All Quiet on the Western Front is a thought-provoking work of fiction by Erich Maria Remarque. This novel is the testament of Paul Bäumer, a German boy convinced to enlist in the German Army and his subsequent experiences in World War I.

After enlisting with the rest of his class, Paul learns to live a life of war. Initially he, like his classmates, was full of enthusiasm. Over a period of several years, however, Paul comes to see the world differently. He witnesses the suffering and horrors of war. In the trenches of the front line, he learns how war ruins and destroys the mind. In the beginning Paul belonged to a group of eight friends within his company; he is the last to survive. After suffering through their pain, Paul is wounded as well, and sees the suffering of those in the hospital. As he learns the nature of war, he is deeply saddened, especially for his own generation. The generations older than his had lives they left before the war, and will return to if they survive. The generations younger than his own will never know the war, and will live their lives peaceably. His generation has known nothing of life but death, and those who survive the war will be ruined men. Even as he realizes this tragedy, Paul himself becomes a "ruined man," and in the moving ending he is shot down.

Remarque has mastered language and bent it to his will; he was very successful in presenting his ideas. He has represented well the conflict of a young man living and eventually dying in a desperate situation. As a result of Remarque’s mastery of language, the book packs a good deal of power. One example of this is the final paragraph:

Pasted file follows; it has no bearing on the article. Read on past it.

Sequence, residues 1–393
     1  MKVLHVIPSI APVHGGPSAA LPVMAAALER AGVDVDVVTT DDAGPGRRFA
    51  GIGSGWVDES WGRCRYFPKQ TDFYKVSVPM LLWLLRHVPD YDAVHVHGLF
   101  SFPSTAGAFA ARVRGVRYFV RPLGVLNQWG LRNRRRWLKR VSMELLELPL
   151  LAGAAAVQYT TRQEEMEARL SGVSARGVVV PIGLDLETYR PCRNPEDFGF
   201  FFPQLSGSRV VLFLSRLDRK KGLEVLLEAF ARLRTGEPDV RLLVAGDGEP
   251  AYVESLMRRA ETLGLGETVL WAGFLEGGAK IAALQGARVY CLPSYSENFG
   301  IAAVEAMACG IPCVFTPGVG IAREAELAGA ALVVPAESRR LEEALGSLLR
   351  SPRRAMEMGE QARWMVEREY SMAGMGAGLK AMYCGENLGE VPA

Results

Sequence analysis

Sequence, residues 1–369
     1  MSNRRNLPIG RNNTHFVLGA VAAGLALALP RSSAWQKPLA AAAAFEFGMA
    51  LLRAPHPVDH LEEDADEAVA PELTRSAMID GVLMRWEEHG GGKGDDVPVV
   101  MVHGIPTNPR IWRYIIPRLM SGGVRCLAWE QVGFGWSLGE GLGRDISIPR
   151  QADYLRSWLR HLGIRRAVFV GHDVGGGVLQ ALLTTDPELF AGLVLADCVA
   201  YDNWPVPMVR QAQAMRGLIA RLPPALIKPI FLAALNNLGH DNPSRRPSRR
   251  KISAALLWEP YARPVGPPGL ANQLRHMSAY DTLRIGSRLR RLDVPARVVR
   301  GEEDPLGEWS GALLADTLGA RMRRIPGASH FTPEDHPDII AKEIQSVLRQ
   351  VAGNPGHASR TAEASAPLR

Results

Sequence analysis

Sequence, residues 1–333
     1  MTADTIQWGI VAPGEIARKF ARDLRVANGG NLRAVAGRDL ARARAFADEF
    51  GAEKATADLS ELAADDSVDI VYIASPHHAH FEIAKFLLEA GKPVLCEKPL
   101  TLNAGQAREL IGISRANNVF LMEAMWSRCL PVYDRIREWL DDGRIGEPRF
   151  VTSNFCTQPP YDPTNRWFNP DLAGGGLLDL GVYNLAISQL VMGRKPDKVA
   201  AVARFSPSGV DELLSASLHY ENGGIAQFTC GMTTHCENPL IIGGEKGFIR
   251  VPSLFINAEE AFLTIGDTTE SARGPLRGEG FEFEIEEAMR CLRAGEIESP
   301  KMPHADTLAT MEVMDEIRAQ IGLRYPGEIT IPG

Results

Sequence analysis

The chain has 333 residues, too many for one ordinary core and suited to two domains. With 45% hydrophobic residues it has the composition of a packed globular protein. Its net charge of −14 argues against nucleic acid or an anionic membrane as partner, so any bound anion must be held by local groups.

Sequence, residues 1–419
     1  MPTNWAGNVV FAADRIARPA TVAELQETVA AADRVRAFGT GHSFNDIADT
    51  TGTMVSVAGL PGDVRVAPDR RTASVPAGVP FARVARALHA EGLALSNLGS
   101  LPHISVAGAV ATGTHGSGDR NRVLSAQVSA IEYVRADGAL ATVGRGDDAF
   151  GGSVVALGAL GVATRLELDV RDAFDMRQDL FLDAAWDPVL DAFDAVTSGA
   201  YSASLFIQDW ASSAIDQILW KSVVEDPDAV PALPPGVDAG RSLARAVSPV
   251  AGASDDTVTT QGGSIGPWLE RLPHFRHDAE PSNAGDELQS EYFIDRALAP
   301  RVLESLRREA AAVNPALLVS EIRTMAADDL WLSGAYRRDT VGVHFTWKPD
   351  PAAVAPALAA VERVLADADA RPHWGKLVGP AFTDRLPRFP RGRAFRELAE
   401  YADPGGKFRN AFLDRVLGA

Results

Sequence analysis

"He had fallen forward and lay on the earth as though sleeping. Turning him over one saw that he could not have suffered long; his face had an expression of calm, as though almost glad the end had come."

In addition to his lingual artistic abilities, Remarque also has a rather different style of storytelling. Often the novel does not tell much detail about the world around Paul, but merely presents a general picture. The focus of nearly the entire book is on the thoughts and feelings of Paul. A good example of his style comes towards the end as Paul becomes ruined, even details about his thoughts and emotions become obscure and vague, and the reader is presented with an image of a man who is still living, but no longer alive. When all of this comes together, All Quiet on the Western Front becomes a memorable novel about a entire generation that is lost to a war.